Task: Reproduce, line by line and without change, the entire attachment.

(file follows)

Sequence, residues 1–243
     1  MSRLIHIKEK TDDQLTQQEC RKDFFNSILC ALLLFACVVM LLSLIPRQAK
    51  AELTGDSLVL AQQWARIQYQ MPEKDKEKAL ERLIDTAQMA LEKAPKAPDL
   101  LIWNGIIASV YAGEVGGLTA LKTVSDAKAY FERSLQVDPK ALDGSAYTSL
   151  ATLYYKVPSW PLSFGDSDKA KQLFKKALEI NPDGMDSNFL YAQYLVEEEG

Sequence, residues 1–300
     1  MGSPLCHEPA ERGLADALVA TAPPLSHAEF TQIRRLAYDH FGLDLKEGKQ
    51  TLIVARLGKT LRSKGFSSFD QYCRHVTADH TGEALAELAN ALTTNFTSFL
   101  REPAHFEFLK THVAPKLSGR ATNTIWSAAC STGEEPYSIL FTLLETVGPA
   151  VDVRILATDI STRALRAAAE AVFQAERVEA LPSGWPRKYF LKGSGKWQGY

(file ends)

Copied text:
Sequence, residues 1–243
     1  MSRLIHIKEK TDDQLTQQEC RKDFFNSILC ALLLFACVVM LLSLIPRQAK
    51  AELTGDSLVL AQQWARIQYQ MPEKDKEKAL ERLIDTAQMA LEKAPKAPDL
   101  LIWNGIIASV YAGEVGGLTA LKTVSDAKAY FERSLQVDPK ALDGSAYTSL
   151  ATLYYKVPSW PLSFGDSDKA KQLFKKALEI NPDGMDSNFL YAQYLVEEEG

Sequence, residues 1–300
     1  MGSPLCHEPA ERGLADALVA TAPPLSHAEF TQIRRLAYDH FGLDLKEGKQ
    51  TLIVARLGKT LRSKGFSSFD QYCRHVTADH TGEALAELAN ALTTNFTSFL
   101  REPAHFEFLK THVAPKLSGR ATNTIWSAAC STGEEPYSIL FTLLETVGPA
   151  VDVRILATDI STRALRAAAE AVFQAERVEA LPSGWPRKYF LKGSGKWQGY